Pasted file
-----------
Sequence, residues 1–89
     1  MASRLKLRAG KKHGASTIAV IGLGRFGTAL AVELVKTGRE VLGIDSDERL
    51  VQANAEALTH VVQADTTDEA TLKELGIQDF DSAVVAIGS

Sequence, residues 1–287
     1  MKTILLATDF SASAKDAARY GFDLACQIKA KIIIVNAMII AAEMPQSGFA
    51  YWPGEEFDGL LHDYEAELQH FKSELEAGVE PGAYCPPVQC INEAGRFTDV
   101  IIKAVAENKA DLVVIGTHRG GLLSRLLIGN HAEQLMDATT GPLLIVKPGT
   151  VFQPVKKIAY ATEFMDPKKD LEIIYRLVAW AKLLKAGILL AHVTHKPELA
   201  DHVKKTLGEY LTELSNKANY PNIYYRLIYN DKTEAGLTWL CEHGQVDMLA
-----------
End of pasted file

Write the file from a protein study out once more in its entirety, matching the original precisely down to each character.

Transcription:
Sequence, residues 1–89
     1  MASRLKLRAG KKHGASTIAV IGLGRFGTAL AVELVKTGRE VLGIDSDERL
    51  VQANAEALTH VVQADTTDEA TLKELGIQDF DSAVVAIGS

Sequence, residues 1–287
     1  MKTILLATDF SASAKDAARY GFDLACQIKA KIIIVNAMII AAEMPQSGFA
    51  YWPGEEFDGL LHDYEAELQH FKSELEAGVE PGAYCPPVQC INEAGRFTDV
   101  IIKAVAENKA DLVVIGTHRG GLLSRLLIGN HAEQLMDATT GPLLIVKPGT
   151  VFQPVKKIAY ATEFMDPKKD LEIIYRLVAW AKLLKAGILL AHVTHKPELA
   201  DHVKKTLGEY LTELSNKANY PNIYYRLIYN DKTEAGLTWL CEHGQVDMLA